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The Encyclopedia Americana (1920)/Lamprecht, Karl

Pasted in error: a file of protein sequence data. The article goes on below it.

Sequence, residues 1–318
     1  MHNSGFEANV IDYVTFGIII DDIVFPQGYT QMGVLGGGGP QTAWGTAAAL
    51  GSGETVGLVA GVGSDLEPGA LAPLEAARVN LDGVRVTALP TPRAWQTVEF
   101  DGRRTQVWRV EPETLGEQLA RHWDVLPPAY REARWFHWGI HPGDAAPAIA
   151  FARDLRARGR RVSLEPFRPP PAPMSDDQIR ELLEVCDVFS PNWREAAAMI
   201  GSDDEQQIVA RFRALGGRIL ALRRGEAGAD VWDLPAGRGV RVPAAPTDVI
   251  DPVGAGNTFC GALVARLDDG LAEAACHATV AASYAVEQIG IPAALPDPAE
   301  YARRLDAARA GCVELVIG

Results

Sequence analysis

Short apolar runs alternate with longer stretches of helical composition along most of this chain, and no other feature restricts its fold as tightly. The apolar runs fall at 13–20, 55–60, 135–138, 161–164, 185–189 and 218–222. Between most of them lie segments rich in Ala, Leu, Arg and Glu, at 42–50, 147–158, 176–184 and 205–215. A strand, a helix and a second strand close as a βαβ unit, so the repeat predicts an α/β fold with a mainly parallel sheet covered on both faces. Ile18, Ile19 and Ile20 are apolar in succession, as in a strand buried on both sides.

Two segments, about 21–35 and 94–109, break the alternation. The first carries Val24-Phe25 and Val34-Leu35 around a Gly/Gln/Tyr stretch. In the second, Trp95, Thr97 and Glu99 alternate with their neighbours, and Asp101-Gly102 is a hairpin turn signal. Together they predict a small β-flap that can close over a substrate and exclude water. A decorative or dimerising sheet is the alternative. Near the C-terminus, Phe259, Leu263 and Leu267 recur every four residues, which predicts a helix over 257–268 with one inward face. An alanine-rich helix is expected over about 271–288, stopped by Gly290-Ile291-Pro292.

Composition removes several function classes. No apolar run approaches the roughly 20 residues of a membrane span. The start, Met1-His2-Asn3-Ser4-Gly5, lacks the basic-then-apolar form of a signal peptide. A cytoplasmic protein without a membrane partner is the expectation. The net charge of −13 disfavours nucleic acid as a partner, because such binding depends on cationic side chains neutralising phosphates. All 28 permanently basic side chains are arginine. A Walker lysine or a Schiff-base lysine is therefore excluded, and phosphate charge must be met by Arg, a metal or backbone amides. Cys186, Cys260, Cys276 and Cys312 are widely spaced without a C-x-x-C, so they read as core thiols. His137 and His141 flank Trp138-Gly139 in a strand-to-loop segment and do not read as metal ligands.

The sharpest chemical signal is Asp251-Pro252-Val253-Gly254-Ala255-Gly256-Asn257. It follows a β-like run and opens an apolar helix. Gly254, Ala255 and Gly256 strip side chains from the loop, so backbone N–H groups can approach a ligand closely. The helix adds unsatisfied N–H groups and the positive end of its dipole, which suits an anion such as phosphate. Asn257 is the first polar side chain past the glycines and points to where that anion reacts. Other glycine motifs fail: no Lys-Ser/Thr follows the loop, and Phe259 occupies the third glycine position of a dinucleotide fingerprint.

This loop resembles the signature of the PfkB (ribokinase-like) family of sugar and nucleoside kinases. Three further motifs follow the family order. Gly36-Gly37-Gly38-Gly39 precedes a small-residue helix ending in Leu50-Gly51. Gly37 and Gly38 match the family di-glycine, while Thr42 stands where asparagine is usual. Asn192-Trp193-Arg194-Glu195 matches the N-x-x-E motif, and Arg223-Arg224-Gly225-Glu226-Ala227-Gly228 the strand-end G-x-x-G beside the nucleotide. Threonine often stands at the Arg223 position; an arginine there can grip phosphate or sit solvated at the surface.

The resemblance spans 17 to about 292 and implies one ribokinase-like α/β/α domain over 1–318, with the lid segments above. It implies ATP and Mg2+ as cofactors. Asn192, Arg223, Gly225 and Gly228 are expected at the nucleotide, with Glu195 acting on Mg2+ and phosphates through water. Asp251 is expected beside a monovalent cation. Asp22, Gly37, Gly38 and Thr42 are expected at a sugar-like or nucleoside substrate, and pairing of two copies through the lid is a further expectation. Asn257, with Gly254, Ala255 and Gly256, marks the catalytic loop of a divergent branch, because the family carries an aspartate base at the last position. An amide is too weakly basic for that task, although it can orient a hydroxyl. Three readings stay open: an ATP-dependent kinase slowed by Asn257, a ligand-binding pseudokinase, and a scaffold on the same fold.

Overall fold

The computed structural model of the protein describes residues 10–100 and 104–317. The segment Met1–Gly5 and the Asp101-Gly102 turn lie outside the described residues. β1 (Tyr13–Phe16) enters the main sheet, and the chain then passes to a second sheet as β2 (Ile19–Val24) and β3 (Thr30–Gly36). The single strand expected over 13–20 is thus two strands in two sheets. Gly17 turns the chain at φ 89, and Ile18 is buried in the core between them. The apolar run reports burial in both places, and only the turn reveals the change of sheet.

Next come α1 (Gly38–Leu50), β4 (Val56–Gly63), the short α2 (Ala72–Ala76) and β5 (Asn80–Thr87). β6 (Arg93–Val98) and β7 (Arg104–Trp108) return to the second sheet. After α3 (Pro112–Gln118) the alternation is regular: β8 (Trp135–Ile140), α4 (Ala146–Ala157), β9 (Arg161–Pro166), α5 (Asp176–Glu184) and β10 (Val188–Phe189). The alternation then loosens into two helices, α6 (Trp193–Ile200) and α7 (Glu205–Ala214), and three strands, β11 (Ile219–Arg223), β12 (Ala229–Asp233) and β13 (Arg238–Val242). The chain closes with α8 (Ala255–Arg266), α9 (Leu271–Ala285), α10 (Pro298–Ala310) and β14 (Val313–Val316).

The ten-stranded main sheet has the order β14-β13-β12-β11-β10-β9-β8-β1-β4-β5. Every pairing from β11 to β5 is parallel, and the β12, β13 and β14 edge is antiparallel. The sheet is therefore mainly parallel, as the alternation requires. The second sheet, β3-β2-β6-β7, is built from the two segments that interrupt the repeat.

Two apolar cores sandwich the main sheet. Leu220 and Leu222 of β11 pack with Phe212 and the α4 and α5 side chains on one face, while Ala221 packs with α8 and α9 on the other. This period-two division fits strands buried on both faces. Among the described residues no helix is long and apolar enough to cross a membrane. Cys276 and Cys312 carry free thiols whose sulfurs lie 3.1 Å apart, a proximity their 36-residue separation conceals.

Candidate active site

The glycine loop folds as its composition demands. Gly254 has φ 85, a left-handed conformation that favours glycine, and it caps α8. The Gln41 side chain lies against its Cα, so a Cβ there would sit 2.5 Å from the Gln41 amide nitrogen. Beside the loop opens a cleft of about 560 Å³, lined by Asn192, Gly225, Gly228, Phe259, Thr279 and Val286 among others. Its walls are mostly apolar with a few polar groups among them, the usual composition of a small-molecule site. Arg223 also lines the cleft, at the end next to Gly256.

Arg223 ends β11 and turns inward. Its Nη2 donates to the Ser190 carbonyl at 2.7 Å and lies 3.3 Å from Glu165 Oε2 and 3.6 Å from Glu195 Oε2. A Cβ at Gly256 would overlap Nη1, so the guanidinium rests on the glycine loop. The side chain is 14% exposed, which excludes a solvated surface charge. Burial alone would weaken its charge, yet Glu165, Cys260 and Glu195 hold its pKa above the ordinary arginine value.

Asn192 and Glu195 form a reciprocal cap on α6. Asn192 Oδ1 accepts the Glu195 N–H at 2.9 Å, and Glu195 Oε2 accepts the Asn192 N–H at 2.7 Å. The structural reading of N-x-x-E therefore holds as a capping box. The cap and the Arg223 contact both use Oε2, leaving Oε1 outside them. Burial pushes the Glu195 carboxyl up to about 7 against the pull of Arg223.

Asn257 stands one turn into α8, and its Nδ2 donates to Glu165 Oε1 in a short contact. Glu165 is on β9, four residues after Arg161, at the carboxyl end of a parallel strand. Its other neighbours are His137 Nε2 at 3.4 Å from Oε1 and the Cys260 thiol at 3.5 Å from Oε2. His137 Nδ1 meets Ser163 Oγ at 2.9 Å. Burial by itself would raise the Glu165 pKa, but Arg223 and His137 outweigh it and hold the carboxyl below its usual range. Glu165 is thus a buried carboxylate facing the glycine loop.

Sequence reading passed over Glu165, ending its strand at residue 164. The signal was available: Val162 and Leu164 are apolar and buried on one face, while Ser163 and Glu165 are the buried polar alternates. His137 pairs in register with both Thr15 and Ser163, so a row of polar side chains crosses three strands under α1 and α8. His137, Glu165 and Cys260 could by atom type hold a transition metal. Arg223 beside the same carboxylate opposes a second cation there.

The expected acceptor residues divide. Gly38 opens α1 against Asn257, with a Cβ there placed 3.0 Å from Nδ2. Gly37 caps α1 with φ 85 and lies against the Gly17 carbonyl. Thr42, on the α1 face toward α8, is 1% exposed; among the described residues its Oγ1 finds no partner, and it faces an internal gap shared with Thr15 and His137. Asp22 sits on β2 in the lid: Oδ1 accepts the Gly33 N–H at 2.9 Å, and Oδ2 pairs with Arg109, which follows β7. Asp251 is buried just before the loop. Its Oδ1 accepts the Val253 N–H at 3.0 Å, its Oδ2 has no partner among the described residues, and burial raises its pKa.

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LAMPRECHT, läm'prĕkt, Karl, German historian: b. Jessen, near Wittenberg, 25 Feb. 1856; d 11 May 1915. He was educated at Göttingen, Leipzig and Munich and in 1885 became professor of history at Bonn, in 1890 at Marburg and in 1891 was appointed to a similar office at Leipzig, which was admirably equipped for his work. As a teacher he was original in his methods, and to him history meant as much the revelation of sociology as of political events. In 1905 he represented Germany at the Congress of Science held at Saint Louis. He founded in 1882 the ‘Westdeutsche Zeitschrift für Geschichte und Kunst.’ He was the chief exponent of the Kulturgeschichte and believed intensely in the superiority of German kultur. Shortly before his death he repudiated, with some indignation, the conception of Germany's part in the Great War as having been dictated by the “War Lords,” and avowed that in regard to it that Germany was a unit. His writings include ‘Beiträge zur Geschichte des französischen Wirtschaftslebens im elten Jahrhundert’ (1878); ‘Die römische Frage von König Pippin bis auf Kaiser Ludwig den Frommen’ (1889); ‘Deutsche Geschichte’ (13 vols., 1891-1908); ‘Zur jungsten deutschen Vergangenheit’ (1901); ‘What is History’ (1905); ‘Americana’ (1906).